A team of researchers has come up with a new multifunctional 'smart' material that can morph its shape when exposed to heat and light and can also disassemble itself.
The Washington State University researchers, who have filed a provisional patent on the work, were able to combine several smart abilities, including shape memory behavior, light-activated movement and self-healing behavior, into one material.
The team worked with a class of long-chain molecules, called liquid crystalline networks (LCNs), which provide order in one direction and give material unique properties. The researchers took advantage of the way the material changes in response to heat to induce a unique three-way shape shifting behavior. They added groups of atoms that react to polarized light and used dynamic chemical bonds to improve the material's reprocessing abilities.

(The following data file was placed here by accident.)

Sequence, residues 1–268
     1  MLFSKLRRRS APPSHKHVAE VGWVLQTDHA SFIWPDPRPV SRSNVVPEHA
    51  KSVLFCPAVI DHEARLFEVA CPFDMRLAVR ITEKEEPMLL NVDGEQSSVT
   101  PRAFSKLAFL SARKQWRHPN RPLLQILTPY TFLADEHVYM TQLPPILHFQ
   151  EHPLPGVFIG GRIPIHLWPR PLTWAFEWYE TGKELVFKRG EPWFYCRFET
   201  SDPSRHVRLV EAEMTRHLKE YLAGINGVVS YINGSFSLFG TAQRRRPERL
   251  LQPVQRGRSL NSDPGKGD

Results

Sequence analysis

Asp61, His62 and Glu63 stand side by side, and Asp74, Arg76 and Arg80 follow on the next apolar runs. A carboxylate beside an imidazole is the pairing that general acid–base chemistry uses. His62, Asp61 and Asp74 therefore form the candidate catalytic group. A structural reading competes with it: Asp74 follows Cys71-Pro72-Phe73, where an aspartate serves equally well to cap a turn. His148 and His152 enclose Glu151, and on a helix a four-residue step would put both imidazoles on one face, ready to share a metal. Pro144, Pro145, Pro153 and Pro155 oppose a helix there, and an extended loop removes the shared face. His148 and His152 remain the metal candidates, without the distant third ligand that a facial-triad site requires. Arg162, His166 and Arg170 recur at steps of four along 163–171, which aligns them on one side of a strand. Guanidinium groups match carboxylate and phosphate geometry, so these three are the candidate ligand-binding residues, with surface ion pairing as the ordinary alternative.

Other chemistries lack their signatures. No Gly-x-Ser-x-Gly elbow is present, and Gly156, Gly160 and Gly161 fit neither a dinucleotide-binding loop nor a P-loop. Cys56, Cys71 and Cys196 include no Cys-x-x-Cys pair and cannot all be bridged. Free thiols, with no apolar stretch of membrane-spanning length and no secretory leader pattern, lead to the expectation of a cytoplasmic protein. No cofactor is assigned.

"We knew these different technologies worked independently and tried to combine them in a way that would be compatible,'' said lead author Michael Kessler.
The resulting material reacts to light, can remember its shape as it folds and unfolds and can heal itself when damaged. For instance, a razor blade scratch in the material can be fixed by applying ultraviolet light. The material's movements can be preprogrammed and its properties tailored.
The study is published in ACS Applied Materials and Interfaces.